Distinguisher’s bludgeoning approach to metalcore, inflected with electronics and nu metal, has set them as potential players in their Las Vegas hometown since their debut release 'What’s Left of Us' in 2017, but returning now with new single 'Nothing is Real' seems like their sound has never been more ready to break.
Attached to a video emanating bleakness and internal torment in a big way, the track is an effortless execution of its core ideals, breaking out into unexpected hooks, tempo changes, and warped instrumental assaults at any given moment. We spoke to drummer Jake Barsoum about building to this as an independent band with a point to prove.
This is your first release in two years. How much time has gone into shaping up these songs to be a step up for you guys, and how important do you feel this release is for you?
“Nothing Is Real” was written almost exactly one year ago this week. Right around when the world initially shut down, this was the first of many tracks that we were able to create while isolating and while it was painful to not be able to tour and feel like we could actually be a band, we’re incredibly thankful for the downtime it provided and for what turned out to be some of our favorite and most personal material to date. This release is so important to all of us because we spent so much time experimenting with new things instrumentally, lyrically, and even vocally. To go one step further, being able to cultivate a brand-new theme visually that captures what we want to portray from the music has been so rewarding. This time around, there’ve been no labels, no rules, no limits, which has made this the most natural writing process thus far.
How has creation like this in 2020/2021 been for an independent band?
Being completely honest, we didn’t realize what a gift it would be to have an open schedule to be able to create and perfect our next release. And even though we were able to view it as a blessing in disguise, not knowing when we’re able to tour next has been one of the most excruciating things mentally. We miss feeling like we’re in the midst of it all, getting to experience the full impact of these new songs, which has always been extremely important to us. However, as far as how the creative process goes, watching other independent bands continue to push boundaries creatively during a time like this has been extremely helpful to our morale.
What are some of the inspiration points for your songwriting?
I think to a certain extent we will always reference our past music as a platform to learn and to continue to grow from. However, this release hasn’t been as heavily influenced by anything we’ve done in the past. With how natural and freeing this writing process has been, it’s led us back to our roots to bands like Slipknot, Architects, Northlane, Gojira, and Linkin Park, to name a few, who have collectively been huge influences for as long as we can remember. Each one of these bands has stood out in their own way and pioneered a unique sound for themselves, which is something we’ve always aimed for in our song writing.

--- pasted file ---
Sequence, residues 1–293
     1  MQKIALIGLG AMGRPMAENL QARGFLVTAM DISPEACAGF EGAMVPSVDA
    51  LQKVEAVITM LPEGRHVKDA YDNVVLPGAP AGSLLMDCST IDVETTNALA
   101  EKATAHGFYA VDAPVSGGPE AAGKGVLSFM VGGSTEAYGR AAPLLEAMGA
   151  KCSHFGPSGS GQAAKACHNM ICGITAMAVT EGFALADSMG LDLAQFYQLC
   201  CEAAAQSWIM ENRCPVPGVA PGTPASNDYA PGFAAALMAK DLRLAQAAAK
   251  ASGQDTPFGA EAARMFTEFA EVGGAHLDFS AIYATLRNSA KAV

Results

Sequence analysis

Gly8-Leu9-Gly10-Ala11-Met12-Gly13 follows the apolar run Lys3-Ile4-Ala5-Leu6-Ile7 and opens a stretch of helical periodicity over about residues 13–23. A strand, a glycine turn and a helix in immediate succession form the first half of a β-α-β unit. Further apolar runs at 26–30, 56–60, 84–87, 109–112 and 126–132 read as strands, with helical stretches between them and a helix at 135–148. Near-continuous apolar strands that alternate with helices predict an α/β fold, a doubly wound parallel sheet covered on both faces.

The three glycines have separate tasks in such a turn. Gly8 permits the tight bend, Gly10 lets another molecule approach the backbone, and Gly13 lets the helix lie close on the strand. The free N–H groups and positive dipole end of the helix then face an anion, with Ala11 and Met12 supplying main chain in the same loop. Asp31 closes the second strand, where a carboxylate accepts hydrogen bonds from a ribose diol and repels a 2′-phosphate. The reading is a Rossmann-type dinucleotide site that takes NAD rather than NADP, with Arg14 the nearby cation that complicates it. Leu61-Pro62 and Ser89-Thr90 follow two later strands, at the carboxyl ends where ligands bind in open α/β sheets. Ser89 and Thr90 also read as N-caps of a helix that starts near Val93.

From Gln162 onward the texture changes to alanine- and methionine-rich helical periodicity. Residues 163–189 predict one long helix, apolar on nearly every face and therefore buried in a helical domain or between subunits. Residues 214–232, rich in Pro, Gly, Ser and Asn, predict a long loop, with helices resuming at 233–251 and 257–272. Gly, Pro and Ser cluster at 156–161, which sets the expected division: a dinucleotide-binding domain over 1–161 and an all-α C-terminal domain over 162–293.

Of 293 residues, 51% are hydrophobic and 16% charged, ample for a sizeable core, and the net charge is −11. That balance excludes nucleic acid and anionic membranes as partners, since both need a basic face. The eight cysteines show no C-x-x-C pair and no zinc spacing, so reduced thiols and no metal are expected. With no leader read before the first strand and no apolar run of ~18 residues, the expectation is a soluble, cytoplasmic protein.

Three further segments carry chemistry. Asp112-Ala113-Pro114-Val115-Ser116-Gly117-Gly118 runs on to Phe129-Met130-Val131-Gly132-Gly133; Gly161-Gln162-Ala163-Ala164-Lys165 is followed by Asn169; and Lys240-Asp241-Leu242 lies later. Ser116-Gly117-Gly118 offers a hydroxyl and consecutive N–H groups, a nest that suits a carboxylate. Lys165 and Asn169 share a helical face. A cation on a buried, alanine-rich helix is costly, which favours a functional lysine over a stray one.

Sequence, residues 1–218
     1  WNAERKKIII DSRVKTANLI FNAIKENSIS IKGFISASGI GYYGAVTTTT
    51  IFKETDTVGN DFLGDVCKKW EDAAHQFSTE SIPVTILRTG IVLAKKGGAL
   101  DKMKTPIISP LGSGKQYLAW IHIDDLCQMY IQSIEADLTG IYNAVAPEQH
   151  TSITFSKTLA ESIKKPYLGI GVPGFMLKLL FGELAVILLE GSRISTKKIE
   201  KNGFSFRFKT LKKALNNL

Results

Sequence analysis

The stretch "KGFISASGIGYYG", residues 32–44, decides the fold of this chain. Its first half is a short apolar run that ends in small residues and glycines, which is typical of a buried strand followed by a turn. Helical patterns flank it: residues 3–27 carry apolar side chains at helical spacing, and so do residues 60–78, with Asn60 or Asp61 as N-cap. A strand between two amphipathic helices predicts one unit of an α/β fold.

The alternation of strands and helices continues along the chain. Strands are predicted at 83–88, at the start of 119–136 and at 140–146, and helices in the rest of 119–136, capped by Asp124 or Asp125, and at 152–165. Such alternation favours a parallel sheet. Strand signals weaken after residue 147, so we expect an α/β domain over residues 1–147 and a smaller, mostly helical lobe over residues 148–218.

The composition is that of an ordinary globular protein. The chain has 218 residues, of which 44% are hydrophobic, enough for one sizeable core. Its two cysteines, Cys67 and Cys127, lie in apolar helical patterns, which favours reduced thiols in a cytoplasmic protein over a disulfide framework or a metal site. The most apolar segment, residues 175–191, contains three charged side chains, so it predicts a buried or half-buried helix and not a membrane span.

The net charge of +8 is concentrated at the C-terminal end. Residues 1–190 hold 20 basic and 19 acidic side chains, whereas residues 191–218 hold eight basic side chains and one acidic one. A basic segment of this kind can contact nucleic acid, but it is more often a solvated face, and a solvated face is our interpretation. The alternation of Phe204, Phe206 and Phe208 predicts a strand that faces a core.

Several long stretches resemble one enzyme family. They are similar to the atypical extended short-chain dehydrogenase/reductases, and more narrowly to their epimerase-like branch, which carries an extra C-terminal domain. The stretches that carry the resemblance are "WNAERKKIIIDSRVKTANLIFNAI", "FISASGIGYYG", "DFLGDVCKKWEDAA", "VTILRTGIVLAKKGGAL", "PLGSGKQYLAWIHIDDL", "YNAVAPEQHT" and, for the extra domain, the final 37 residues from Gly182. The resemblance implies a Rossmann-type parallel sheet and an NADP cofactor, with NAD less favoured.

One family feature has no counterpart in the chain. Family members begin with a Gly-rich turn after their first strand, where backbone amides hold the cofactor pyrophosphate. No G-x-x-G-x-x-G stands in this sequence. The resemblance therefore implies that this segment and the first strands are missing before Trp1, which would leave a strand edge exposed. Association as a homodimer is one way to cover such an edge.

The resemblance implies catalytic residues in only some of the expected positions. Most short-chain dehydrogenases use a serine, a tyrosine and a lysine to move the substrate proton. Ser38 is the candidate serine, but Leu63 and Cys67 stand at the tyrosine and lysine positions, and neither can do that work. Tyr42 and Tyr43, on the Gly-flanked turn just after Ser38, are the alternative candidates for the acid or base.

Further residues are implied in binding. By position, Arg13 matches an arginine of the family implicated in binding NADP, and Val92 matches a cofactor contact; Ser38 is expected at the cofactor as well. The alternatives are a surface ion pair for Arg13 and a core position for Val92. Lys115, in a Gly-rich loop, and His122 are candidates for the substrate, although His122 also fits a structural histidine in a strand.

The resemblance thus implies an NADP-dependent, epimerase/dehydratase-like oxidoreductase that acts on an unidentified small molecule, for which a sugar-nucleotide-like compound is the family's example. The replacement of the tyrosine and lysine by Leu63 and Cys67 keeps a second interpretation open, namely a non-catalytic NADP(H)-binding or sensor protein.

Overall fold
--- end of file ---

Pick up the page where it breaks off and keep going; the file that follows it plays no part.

There are a whole new breed of bands emerging playing metalcore and deathcore in an updated contemporary way. What is the work that goes into keeping the tricks fresh and surprising for the people?
I’d like to definitely go on record and say Distinguisher is not a deathcore band, but we will never stop pushing our boundaries as far as what we’re “supposed” to sound like. We draw influences from all over and we’re not afraid to push extremes with our lighter or heavier sides. “Nothing Is Real” happens to be one of the heavier ones, but we’ll always be a band that continues to evolve our sound with every record. With this mindset, it makes it easy to stay genuine to who we are as musicians; four kids from Vegas, all with different upbringings but a shared love for heavy music. As far as surprising the people, we usually find that anything new we try that we think is cool and worth sharing will also be accepted by the people who listen to our band. Or challenging people to shotgun beers with us after the show; that seems to work too.
What about the balance of brutality and atmospherics? Do you feel like bands like yourselves are more open to playing with sonic manipulation in a track?
Absolutely, that’s an element you can always expect from us going forward. As far as finding the right balance, it ultimately depends on the vibe you’re going for. We personally enjoy being able to manipulate our music in a way that can be undeniably heavy and yet still maintain a great deal of emotion. It’s been refreshing to see more and more bands continue to break barriers like this in heavy music.
It is in your name so we’ve got to ask, what is it you feel that distinguishes your band?
I can’t even lie; this is a question I’ve been wanting to answer for years. Distinguisher has always been so much more than just the music; it’s an extension of who we are as people. When we’re getting ready to go onstage, whether we’re playing in front of 10 people or 1,000 people, it feels like we’re playing the biggest show of our lives. It’s never been about anything more than connecting with each and every person that’s given our music a chance, and we’d like to think that continuing to be our genuine selves, in the long run, will ultimately set us apart from the pack.
Is this song a reflective precursor for a release you have coming up the pipeline?
The short answer is yes, after writing a full length’s worth of material throughout all of last year, it’s safe to say we’re prepared and excited to put out new music. Let’s just say it could be sooner than you think.
Stream the premiere of Distinguisher's "Nothing Is Real' below.